I was in the back of a taxi in Memphis the first time I told someone I was Israeli.

It felt funny coming out – unnatural, almost, and bold.

The driver with his salt-and-pepper hair and thick mustache chuckled, almost in disbelief.

“Really?” he said in a reedy southern drawl. “I don’t suppose I’ve ever had an Israeli in my cab before.”

I felt the need to qualify my earlier statement:

“Well, as you can probably tell from my accent, I only moved there a few years ago. But I live there now with my husband and kids. I’m a citizen, actually.”

With interest, he asked me questions about my life in Israel and told me of his own desires to visit the holy places of his Christian upbringing. I shared stories of weekend visits to biblical sites, and invited him to visit the Israel hardly ever showcased on the evening news. At the end of the 20-minute ride to the airport, I tipped him well, and gave him a wide, friendly smile as I exited the back seat.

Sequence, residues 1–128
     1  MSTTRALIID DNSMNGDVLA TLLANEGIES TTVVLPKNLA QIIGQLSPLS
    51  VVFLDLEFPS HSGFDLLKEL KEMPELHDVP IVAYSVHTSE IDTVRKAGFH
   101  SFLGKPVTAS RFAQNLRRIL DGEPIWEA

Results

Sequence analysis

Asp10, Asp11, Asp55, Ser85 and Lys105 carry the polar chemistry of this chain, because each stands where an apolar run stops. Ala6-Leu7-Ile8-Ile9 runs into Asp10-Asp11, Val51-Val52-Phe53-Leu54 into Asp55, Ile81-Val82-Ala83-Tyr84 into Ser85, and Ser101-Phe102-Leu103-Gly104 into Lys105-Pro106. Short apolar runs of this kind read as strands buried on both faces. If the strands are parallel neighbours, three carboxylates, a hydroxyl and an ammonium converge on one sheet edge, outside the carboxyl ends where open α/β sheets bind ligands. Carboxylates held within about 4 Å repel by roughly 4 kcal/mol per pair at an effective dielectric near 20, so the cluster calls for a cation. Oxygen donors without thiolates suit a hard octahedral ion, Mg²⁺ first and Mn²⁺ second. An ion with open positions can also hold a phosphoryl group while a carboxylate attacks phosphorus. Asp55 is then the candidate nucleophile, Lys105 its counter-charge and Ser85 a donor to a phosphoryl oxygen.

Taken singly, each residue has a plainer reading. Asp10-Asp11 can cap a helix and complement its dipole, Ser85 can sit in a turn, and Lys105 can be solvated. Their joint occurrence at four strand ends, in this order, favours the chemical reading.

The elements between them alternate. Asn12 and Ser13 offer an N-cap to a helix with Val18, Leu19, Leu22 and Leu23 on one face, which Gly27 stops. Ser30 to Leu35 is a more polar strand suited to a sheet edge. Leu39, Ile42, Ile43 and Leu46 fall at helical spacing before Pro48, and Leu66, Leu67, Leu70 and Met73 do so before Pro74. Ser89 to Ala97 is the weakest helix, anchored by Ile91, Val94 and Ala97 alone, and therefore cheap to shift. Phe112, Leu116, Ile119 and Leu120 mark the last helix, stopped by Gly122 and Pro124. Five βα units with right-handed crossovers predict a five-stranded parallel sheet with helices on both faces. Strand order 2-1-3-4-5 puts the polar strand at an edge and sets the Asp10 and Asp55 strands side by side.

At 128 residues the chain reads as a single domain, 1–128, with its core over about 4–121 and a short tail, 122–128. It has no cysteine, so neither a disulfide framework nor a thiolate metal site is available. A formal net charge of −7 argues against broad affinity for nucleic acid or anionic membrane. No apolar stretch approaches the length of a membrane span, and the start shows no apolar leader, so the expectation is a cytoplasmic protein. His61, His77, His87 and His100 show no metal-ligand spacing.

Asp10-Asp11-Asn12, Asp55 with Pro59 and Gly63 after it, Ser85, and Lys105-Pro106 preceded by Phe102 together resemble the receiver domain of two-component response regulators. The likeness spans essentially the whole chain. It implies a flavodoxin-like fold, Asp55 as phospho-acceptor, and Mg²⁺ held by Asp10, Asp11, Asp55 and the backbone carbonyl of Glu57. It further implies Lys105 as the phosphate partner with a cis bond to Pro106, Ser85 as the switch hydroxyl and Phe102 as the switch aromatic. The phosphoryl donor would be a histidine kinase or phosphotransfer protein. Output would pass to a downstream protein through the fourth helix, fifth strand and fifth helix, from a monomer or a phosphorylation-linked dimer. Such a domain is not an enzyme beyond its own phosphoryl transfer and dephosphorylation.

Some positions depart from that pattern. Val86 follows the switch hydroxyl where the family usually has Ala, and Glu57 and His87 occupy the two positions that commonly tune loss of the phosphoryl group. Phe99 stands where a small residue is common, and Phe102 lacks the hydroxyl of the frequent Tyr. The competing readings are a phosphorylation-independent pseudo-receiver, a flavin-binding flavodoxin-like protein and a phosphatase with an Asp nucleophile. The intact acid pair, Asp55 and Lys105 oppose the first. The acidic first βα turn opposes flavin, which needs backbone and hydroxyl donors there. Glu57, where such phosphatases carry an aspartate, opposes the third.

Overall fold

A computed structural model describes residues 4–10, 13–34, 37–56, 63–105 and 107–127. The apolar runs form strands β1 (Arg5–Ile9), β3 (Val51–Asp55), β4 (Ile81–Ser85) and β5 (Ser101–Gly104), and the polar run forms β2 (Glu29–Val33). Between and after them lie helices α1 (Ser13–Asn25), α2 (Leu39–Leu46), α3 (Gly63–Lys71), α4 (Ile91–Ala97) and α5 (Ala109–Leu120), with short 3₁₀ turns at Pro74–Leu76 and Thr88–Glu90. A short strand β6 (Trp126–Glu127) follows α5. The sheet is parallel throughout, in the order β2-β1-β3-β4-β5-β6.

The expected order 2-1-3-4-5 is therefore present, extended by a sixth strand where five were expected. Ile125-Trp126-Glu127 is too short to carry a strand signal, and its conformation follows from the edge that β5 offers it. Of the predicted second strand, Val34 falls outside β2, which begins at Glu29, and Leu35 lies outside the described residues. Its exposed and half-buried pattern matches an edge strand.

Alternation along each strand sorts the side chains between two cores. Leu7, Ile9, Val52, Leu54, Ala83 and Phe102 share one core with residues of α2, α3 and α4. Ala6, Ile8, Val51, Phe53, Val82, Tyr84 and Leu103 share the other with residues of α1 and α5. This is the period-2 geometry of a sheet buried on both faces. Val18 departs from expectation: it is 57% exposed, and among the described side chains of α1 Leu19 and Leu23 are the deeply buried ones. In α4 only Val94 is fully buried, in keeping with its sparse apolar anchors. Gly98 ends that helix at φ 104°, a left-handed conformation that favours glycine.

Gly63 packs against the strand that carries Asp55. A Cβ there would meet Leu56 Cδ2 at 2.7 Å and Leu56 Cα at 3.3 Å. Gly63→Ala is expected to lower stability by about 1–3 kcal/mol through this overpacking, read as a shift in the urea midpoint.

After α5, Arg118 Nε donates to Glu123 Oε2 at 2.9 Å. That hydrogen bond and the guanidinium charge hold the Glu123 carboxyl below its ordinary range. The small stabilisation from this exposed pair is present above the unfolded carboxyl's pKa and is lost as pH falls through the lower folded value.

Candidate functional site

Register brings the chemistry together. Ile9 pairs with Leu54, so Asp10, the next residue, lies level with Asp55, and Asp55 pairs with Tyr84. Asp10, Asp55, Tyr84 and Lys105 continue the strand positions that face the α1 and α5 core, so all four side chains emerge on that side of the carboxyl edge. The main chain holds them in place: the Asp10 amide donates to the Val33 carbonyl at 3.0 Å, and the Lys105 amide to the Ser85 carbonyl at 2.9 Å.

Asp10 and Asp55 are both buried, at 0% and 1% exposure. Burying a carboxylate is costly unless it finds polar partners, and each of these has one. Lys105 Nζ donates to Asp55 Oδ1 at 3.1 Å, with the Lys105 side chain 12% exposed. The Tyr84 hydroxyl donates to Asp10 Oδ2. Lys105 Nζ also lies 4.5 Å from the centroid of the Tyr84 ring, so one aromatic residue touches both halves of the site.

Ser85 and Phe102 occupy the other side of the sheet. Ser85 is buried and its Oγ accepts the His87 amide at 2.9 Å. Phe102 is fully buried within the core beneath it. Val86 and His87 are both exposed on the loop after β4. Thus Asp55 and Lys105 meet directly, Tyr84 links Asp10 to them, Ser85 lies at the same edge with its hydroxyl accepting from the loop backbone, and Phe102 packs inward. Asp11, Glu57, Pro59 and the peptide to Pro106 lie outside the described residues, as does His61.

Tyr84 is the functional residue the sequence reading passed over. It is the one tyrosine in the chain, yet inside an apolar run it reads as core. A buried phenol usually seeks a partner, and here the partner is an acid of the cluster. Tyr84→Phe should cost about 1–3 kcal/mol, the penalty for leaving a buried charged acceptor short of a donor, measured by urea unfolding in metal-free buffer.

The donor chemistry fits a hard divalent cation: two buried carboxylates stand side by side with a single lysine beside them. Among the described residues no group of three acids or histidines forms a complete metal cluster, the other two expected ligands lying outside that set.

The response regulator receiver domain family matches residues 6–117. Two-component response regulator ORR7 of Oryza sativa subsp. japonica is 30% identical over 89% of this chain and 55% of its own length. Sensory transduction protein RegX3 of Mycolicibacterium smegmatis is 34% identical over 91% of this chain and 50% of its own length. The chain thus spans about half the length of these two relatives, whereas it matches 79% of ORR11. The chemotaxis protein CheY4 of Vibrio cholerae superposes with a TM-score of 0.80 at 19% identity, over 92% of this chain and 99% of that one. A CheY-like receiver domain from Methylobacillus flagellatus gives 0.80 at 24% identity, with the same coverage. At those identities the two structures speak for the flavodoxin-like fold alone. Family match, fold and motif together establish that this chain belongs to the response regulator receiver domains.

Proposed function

I wanted him to know Israelis are kind…and good tippers.

I felt responsible for our image in a town that is stereotyped and sometimes guilty of stereotyping.

rendezvous

I imagined, as he shook my hand and helped me with my bags, he felt the same.

A true citizen exchange.

A meeting of people, not generalizations.

It felt good.

As if a small battle had been won in the back seat of a taxi in Memphis.

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